Neil Dunne talking art in the current climate.
Next in our mini-series of artist chats is with artist Neil Dunne. Neil has been working on his solo show due to be hosted with us in June. This is usually the time that the artist is finishing off works, framing and organising so we wanted to check in and see how he was doing.
Gallery: With the loss of your studio due to COVID -19, how are you coping?
Neil: It has been a strange transition, although I have being trying to stay creative. I moved a lot of my paints and drawing equipment home and focused primarily on this. In some ways it forced me to diversify how I create and in turn spawned new ideas and ways of working. I enjoy drawing but never put quite enough emphasis on it to deliver finished pieces, working in a smaller space has really encouraged me to work to those parameters.
Given that I largely work in a scale much bigger, I was again faced with the transition to a home studio, condensing my style and process. Interestingly, I found a elements of older work start to creep through I felt a new graphic element emerge and the use of gouache and charcoal – normally reserved for preliminary works – began to compete with my painting on canvas.
It has been a truly interesting experience to say the very least; I try to cope with the complications of the outside world by really focusing on funnelling these emotions into my work. Now, more than ever, it feels like art will play a pivotal role for in the dissemination of ideas and my placement in the world.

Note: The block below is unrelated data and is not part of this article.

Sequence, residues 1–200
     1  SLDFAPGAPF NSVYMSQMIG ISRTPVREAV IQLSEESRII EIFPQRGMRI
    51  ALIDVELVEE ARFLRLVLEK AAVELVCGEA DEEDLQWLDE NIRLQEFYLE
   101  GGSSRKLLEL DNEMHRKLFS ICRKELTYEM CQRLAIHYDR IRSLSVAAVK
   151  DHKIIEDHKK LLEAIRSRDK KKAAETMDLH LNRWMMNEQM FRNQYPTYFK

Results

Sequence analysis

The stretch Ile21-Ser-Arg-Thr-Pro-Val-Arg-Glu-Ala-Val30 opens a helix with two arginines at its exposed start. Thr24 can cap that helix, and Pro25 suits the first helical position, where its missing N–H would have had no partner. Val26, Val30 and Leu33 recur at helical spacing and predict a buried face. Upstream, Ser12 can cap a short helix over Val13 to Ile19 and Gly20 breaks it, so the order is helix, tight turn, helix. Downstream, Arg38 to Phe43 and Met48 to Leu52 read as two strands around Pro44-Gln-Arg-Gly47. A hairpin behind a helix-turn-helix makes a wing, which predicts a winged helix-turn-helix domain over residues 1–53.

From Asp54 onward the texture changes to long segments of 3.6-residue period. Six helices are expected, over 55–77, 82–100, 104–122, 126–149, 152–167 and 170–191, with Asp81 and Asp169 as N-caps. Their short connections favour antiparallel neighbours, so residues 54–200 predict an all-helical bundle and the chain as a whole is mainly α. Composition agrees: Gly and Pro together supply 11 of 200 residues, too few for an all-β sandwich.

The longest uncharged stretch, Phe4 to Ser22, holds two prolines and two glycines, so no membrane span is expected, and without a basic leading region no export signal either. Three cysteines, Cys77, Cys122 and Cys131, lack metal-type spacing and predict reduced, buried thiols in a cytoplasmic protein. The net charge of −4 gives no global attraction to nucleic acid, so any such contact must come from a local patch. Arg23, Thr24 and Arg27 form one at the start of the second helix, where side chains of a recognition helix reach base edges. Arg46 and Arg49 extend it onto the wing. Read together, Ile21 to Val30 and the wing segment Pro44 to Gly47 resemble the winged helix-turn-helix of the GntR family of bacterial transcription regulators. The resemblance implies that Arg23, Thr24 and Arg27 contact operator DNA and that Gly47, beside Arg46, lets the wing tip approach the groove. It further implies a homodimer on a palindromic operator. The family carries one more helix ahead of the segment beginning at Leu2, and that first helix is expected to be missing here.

Gallery: Do you believe art plays an role in politics, society and important issues such as climate change? If so, how does your work fit into this sociopolitical landscape?
Neil: I believe art plays a fundamental role in translating the sociopolitical environment in which it was created. In all art forms and styles it is my firm belief this fundamental constructs of society creep in, it is unavoidable. I sometimes feel these are prominent in abstract, conceptual work – The thought process. This is present on a personal level through abstract and more non-representational work. The artist, like everyone else, lives and experiences the same complicated realities as everyone else. The emotion and experience is presented in unique and conflicting ways but within each piece there will always be a significant concept and emotional dedication to the piece.
My work reflects on aspects of a sociopolitical landscape, I find my work is heavily involved with these elements and derives from my own interactions and interpretations of the world. I like that these elements exist throughout my work, there is always a distinct emotional response from me and this type of expression is fundamental.
Gallery: What three artists would you like to be compared to or you have been influenced by?
Neil: I find this a hard question to answer for a number of reasons. Like many Artists I certainly have the ones whose work speak to me the most, although I’m unsure if I would ever like to be compared to them. Comparisons can sometimes be perceived as competition and a lot of those artists who I am most influenced by would be contemporaries of mine.
On the international level I have come to love the work Ida Ekblad, her painting is really inspirational with the scale and tangible use of paint it couples up to present really interesting work. Sean Scully is another artist who has really grown on me recently; He is such a heavyweight painter and worked with abstraction for so long.
Gallery: As always, a really interesting chat, thanks Neil.